I think you're looking for crop rotation priciples. This is whereby you grow plants
together which have similar requirements and are vulnerable to similar pests and diseases and then move them about to different beds each season to help prevent those problems getting a good start on the vegetable each season. It also helps to use the nutrients and water more efficiently.
The concept is that you prepare a bed to suit a family or genus of plant
, for example brassicas, which include things like cabbage, cauliflower etc. Once they are finished, the bed will be ideal to use for the solanum family which includes tomato, capsicum etc.
families have different requirements so you won't need to do too much between the crops to prep the soil for the next crop and the pests that affect the brassicas won't be a problem for the solanums. By the time you plant
the brassicas in that bed again , maybe 4 years away, the problems that were there will be long gone. That's the concept anyway. There are plenty of variations within the theme, for example, did you know potato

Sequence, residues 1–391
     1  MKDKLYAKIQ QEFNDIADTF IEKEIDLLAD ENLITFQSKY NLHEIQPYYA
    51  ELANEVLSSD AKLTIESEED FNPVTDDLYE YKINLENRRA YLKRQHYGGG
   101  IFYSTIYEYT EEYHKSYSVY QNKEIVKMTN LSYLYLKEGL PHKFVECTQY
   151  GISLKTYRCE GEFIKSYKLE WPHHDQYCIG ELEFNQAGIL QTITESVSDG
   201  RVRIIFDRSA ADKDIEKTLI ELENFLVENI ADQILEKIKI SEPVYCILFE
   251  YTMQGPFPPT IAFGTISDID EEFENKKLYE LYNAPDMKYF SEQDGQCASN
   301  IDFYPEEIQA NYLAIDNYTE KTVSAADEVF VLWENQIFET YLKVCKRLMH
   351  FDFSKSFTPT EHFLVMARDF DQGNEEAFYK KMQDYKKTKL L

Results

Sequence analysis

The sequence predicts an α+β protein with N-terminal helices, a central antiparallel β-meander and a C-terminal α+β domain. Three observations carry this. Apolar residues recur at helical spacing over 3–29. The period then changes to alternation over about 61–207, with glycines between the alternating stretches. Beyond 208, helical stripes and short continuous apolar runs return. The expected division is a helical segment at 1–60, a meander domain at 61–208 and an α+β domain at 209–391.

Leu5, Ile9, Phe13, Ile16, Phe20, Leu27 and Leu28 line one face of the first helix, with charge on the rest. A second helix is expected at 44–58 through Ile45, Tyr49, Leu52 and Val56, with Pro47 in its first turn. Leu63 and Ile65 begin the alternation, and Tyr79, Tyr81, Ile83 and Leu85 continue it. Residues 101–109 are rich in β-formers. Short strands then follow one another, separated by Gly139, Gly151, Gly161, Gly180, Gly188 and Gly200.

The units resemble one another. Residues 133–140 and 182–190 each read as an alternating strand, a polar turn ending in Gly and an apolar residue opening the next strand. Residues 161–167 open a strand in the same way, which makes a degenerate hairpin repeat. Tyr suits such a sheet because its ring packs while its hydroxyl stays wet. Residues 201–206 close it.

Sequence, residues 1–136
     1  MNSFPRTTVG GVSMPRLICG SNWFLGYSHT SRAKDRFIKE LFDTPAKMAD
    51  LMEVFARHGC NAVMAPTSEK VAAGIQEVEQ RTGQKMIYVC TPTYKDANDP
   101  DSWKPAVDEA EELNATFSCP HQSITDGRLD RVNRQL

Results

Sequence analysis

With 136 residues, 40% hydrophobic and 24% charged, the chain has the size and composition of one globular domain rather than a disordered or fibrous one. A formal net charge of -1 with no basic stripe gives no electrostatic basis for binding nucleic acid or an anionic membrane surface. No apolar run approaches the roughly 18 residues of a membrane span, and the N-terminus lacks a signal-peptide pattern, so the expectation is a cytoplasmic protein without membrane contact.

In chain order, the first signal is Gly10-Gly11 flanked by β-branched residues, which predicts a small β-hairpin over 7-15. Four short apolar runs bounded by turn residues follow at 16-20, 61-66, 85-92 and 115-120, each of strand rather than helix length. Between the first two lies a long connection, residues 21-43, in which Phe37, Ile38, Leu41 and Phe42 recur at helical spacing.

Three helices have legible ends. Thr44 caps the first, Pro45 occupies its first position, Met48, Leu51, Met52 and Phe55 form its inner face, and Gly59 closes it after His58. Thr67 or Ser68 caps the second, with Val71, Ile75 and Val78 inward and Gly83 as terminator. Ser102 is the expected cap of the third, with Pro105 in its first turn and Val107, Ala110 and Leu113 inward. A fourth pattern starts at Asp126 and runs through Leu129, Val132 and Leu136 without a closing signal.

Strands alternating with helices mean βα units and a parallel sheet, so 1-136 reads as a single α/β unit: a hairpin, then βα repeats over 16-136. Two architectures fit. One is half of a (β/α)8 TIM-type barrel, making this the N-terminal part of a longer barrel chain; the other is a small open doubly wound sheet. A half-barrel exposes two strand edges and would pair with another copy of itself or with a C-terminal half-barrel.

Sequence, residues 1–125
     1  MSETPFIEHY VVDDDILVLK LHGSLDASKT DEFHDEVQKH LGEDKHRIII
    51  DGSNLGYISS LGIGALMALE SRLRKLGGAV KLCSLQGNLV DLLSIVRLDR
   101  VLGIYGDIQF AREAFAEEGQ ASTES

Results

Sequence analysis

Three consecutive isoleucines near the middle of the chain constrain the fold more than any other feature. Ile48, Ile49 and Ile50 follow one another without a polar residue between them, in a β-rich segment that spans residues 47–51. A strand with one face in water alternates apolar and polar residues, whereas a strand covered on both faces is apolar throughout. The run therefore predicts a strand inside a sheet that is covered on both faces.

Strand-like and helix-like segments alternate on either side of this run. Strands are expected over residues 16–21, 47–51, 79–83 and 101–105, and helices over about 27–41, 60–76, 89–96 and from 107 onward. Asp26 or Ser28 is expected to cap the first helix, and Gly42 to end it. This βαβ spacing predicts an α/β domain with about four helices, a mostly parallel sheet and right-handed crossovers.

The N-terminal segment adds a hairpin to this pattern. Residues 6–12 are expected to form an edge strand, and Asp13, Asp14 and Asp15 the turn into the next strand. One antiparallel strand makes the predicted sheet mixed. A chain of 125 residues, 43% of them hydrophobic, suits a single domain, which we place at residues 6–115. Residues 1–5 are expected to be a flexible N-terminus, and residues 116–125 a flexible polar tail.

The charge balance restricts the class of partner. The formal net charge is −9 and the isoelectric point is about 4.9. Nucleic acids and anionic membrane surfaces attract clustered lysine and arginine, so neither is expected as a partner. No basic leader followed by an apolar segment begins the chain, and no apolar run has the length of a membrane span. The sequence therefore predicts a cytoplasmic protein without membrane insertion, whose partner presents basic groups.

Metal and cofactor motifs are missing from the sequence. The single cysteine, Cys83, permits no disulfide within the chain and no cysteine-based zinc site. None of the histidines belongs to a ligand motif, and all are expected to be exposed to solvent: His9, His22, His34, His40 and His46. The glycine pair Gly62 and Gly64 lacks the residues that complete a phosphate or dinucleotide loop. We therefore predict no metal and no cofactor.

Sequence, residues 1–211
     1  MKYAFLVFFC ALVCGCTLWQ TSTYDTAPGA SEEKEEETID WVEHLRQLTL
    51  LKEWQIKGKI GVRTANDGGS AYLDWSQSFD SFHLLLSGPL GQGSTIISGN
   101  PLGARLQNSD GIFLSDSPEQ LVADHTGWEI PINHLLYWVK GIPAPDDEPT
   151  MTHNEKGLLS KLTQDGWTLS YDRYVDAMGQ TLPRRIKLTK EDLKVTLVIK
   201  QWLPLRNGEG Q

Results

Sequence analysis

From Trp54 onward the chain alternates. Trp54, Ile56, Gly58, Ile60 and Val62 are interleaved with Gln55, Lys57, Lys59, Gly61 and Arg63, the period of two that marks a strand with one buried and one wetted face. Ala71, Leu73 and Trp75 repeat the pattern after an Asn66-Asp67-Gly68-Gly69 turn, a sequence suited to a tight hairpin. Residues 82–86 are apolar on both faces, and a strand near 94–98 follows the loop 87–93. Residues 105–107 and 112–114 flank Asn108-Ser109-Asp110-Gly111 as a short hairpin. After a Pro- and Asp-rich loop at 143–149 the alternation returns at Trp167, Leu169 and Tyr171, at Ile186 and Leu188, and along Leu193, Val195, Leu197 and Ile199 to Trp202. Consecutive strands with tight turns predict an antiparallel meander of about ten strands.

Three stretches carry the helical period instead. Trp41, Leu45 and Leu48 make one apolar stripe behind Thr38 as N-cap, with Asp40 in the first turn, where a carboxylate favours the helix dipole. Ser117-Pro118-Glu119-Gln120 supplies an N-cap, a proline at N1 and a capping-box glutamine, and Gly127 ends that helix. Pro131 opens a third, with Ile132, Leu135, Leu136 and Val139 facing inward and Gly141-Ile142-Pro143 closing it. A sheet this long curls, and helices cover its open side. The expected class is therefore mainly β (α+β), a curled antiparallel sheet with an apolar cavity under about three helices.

are in the solanum family with tomatoes. Have a look at the flower
on a potato
compared to a tomato. You'll see a resemblance. You may decide you need a whole bed for potato
though so may not plant
them with the other solanums. But i digress.
Here's a link with a basic four bed rotation system, you can get more involved but this one gives the basics of a 4 bed crop rotation system. http://www.yankeegardener.com/resource/croprotate.html
Plenty of other sites if you google "crop rotation vegetable"
The companion planting suggested previously is more of an accompaniment to these crop rotation principles. For example, in your solanum (tomatos etc ) bed you can plant
some basil. This herb, while not related to the solanums, has very similar growth requirements to these plants
, and is reputed to keep pest insects away, improve the flavour (especially tomatoes) and create a soil level relationship beneficial to the crop plant
. I use these plants
as a fill in where the space allows . Maybe around edges where the crop might be exposed to wind etc. Up to you how you use them really.